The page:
Pain on the side of the foot can be caused by a number of conditions, such as a stress fracture, a sprained ankle, or a ligament injury. It can also be caused by overuse or inflammation of the tendons and muscles in the foot. In some cases, the pain may be caused by a nerve problem or a medical condition such as diabetes. It’s best to see a medical professional for a proper diagnosis as there are many possible causes of pain on the side of the foot.
Peroneal tendonitis is an overuse injury that occurs when the peroneal tendons, which run behind the ankle bone and attach to the bones of the foot, become inflamed or irritated. The peroneal tendons are responsible for stabilizing the ankle and helping to lift the foot upward. Symptoms of peroneal tendonitis include pain and tenderness behind the ankle bone, swelling and stiffness in the ankle, and a burning or aching sensation along the peroneal tendons. It can be caused by overuse, improper footwear, or an injury to the ankle or foot. It’s best to see a medical professional for a proper diagnosis and treatment plan.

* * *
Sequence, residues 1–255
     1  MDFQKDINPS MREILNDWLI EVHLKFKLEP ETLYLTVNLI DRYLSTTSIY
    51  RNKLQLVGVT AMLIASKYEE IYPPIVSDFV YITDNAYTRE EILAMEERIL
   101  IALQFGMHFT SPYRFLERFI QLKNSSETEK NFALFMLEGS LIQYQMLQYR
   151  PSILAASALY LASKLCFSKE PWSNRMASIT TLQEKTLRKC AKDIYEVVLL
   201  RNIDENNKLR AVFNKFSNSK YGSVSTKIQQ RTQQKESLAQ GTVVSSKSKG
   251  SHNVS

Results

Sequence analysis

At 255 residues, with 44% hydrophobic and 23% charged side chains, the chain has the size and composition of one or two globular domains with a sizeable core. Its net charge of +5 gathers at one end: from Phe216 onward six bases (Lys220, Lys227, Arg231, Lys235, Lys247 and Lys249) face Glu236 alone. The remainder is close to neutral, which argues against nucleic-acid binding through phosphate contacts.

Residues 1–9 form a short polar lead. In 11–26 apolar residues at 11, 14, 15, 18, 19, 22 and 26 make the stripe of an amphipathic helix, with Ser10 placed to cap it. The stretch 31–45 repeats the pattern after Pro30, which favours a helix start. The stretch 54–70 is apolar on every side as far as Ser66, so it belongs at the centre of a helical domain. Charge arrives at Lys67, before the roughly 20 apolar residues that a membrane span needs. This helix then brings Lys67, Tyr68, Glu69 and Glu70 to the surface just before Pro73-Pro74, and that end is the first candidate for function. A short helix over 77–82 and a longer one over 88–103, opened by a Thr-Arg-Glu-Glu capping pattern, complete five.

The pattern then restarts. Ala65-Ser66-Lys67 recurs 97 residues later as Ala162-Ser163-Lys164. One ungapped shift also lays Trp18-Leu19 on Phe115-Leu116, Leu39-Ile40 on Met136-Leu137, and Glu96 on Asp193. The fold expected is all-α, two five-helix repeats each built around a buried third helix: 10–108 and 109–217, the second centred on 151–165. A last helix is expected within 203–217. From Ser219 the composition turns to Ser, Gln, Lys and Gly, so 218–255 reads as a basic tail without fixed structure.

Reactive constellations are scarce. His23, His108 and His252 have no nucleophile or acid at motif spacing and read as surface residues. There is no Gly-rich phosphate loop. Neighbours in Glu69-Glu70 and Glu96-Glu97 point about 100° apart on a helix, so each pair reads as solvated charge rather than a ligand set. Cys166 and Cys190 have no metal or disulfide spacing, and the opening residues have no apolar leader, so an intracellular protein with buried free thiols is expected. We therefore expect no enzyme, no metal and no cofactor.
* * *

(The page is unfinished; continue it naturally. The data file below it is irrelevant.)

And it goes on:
Sural neuritis, also known as sural nerve entrapment, is a condition in which the sural nerve, which runs along the back of the leg and ankle, becomes compressed or irritated. This can cause pain, numbness, tingling, and weakness in the ankle and foot. The condition is often caused by overuse or injury to the ankle or foot, such as a sprained ankle, a broken bone, or a chronic condition such as diabetes. It can also occur as a result of pressure on the nerve from tight clothing or shoes, or from having a cyst or tumor in the area. It’s best to see a medical professional for proper diagnosis and treatment.
A calcaneal stress fracture is a small crack in the bone of the heel (calcaneus), usually caused by repetitive overuse or trauma. It’s a common injury in athletes, especially those who participate in running and jumping sports, as well as in military personnel, and people who are standing for long periods of time. Symptoms of a calcaneal stress fracture include pain in the heel, especially when standing or walking, swelling, and tenderness to touch. There may be also a visible bump in the area. The pain usually starts gradually, but can become severe if the fracture is not treated. It’s important to see a medical professional for proper diagnosis and treatment. Treatment typically includes rest, physical therapy and/or immobilization, and in some cases surgery may be required.